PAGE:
Limitations of Ratio Analysis

Ratio analysis is widely used tool to analyze the performance of a company. It is used by the company management to see where its company lies in comparison with its competitors and also find out the areas where it is lacking and needs to work on. Similarly, ratio analysis is also used by investors to make an informed choice before investing in a company. Therefore, it make sense to understand the limitations of ratio analysis.


There is no doubt that ratio analysis gives great insights about a company. Having said that, it also has a few limitations.

Inflationary Effects Not Taken into Consideration

Financial records are made over a period of time. These records may not give a true picture because effects of inflation are not taken into account while recording transactions. Assets purchased years back are recorded at historical rates in the balance sheets. These rates may not have the same value currently due to inflation. The value of inventory and depreciation may not have the same value now as it had at the time it was recorded.

Ratio Analysis not Useful While Comparing Companies Belonging to Different Industries

You cannot compare apples with oranges. Similarly, if you are comparing the ratios of companies belonging to different industries, you may be fighting a lost cause. Different industries have the different market, gestation periods, capital structure etc. For ratio analysis to hold any meaning, you need to compare companies belonging to same industries only.

Difference in Accounting Practices

Different companies may use different accounting practices. Inventory valuation methods may differ and so can depreciation methods. As a result, comparing ratios of such companies may not depict a correct picture.

Window Dressing

Ratio analysis can be done using what is present in the financial statements of a company. Financial statements can easily be fudged or window-dressed to hide or misrepresent facts. Ratio analysis is no way equipped to detect this. If you analyze a manipulated balance sheet or income statement, you are bound to get wrong information. Window dressing is in no way an accepted practice but many companies do indulge in such malpractices to give a false impression to their investors.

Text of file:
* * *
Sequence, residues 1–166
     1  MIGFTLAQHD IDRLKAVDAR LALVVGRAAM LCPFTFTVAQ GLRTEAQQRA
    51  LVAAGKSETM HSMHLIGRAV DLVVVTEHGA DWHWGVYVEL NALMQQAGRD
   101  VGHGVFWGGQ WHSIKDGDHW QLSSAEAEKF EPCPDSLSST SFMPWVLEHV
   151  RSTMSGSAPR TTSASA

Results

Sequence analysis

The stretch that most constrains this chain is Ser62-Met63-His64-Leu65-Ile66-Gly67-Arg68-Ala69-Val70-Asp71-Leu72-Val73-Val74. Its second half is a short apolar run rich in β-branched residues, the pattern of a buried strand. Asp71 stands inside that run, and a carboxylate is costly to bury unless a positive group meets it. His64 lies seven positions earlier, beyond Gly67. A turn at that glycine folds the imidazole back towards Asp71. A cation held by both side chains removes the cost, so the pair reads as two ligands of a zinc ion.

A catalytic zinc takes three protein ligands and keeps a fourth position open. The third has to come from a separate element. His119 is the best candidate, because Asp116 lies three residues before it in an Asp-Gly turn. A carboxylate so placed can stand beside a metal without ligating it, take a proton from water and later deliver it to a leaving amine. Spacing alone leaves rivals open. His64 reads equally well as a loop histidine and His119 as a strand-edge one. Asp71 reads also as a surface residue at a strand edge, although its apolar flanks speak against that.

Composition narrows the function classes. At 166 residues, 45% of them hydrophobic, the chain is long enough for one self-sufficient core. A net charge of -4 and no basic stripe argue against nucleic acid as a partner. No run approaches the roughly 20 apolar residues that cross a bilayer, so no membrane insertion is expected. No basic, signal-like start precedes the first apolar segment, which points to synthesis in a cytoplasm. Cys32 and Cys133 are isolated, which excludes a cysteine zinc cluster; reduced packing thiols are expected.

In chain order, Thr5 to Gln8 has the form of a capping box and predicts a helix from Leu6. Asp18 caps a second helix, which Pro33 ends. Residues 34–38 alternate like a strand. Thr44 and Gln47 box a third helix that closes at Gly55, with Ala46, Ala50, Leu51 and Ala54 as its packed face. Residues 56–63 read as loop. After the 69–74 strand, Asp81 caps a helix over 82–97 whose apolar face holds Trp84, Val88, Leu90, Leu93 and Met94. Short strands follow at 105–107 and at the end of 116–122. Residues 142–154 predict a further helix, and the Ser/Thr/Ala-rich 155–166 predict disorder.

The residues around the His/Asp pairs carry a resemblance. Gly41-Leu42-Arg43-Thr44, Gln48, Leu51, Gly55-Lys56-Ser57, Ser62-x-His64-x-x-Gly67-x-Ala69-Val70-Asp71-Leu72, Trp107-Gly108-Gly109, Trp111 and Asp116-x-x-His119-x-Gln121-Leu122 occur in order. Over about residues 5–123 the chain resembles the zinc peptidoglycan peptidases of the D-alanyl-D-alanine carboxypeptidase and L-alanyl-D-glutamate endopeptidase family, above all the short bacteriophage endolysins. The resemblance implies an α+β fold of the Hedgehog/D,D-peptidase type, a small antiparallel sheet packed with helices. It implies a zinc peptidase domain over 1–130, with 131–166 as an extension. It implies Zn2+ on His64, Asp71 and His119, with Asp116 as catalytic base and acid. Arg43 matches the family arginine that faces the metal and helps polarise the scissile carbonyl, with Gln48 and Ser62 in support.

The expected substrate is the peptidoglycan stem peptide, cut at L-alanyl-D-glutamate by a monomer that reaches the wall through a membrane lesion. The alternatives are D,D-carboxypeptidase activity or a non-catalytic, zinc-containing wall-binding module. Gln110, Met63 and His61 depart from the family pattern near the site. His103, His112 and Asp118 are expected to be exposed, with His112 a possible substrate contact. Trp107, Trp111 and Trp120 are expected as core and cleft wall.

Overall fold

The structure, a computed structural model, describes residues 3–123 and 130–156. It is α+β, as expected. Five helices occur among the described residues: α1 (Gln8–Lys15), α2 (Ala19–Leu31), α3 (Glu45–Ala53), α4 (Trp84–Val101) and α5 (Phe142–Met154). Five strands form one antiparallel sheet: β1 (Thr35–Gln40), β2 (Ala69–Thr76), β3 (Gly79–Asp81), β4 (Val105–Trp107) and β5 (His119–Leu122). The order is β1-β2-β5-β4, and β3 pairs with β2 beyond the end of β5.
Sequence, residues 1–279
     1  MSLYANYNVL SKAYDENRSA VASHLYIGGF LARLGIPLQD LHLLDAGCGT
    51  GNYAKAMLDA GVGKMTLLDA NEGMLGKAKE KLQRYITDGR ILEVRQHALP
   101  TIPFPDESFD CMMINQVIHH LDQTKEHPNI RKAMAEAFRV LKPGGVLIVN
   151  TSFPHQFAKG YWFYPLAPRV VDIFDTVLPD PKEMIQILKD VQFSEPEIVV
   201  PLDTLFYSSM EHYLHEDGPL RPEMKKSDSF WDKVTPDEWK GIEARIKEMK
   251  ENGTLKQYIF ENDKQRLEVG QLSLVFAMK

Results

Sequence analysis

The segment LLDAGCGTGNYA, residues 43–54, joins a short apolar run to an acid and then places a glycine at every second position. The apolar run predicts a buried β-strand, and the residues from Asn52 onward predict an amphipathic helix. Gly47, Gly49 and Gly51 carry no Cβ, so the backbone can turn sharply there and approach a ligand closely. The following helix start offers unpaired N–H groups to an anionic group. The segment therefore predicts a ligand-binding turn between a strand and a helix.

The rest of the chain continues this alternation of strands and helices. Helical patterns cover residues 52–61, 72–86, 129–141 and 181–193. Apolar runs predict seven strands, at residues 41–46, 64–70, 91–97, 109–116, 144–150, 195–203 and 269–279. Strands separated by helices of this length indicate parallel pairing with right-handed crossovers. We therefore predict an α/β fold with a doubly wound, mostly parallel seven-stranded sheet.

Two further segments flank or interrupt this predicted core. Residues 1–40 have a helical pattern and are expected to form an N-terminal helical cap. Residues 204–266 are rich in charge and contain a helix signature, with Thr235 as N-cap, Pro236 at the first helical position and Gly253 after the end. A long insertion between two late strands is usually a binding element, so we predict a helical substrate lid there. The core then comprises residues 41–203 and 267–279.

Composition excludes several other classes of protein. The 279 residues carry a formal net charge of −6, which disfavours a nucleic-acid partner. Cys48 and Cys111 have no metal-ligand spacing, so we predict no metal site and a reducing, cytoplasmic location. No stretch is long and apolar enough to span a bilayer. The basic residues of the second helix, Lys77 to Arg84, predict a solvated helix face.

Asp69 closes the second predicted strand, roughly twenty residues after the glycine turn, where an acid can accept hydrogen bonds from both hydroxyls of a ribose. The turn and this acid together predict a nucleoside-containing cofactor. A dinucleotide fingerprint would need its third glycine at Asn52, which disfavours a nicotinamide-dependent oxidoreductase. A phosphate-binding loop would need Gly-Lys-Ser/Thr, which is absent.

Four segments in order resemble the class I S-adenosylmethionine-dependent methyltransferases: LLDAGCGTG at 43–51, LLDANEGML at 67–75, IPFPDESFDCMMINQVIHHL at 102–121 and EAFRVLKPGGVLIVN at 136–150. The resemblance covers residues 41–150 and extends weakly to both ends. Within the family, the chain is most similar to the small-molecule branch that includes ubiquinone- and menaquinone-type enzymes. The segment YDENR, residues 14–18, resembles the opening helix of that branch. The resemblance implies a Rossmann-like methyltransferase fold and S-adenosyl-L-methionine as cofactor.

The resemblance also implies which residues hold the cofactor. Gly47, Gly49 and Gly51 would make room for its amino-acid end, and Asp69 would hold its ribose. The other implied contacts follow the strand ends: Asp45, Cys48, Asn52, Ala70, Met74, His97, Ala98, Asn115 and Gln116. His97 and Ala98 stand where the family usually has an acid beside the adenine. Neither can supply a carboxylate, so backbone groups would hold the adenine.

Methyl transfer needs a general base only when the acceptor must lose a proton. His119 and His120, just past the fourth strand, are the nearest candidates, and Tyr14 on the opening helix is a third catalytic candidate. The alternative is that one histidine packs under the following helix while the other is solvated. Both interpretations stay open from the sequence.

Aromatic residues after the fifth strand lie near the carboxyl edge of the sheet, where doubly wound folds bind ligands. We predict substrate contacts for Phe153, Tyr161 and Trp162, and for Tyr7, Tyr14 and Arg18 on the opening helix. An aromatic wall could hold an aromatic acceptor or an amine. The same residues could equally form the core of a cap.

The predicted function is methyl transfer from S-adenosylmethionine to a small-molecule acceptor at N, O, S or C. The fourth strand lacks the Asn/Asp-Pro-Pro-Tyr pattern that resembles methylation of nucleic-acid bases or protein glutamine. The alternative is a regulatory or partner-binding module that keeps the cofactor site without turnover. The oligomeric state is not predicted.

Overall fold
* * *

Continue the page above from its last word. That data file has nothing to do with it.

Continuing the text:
E.g., a company may delay paying its creditors at the end of a financial year. This way, the company can show more cash balance on its balance sheet. This is the simplest form of window dressing.

A Quantitative Measure, not a Qualitative One

Ratio analysis is a quantitative measure. At best, it can make sense out of the financial statements. It cannot give a cause or a reason if something is lacking or what needs to be done to correct the situation. Unless you dig into the ratios, it makes very little sense to perform ratio analysis.
E.g., profitability ratios may suggest that you have a lower profit as compared to your competitors. This does not help in finding the actual cause of this and what corrective actions need to be taken. Lower profit may be because of wrong pricing structure, marketing team may not be doing its task, the production quality is not up-to the mark etc. So, one needs to dig into the ratios to find the actual cause of the problem. Simple ratio analysis may not suffice.

Last updated on : December 28th, 2016
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  1. Gambo Ismail

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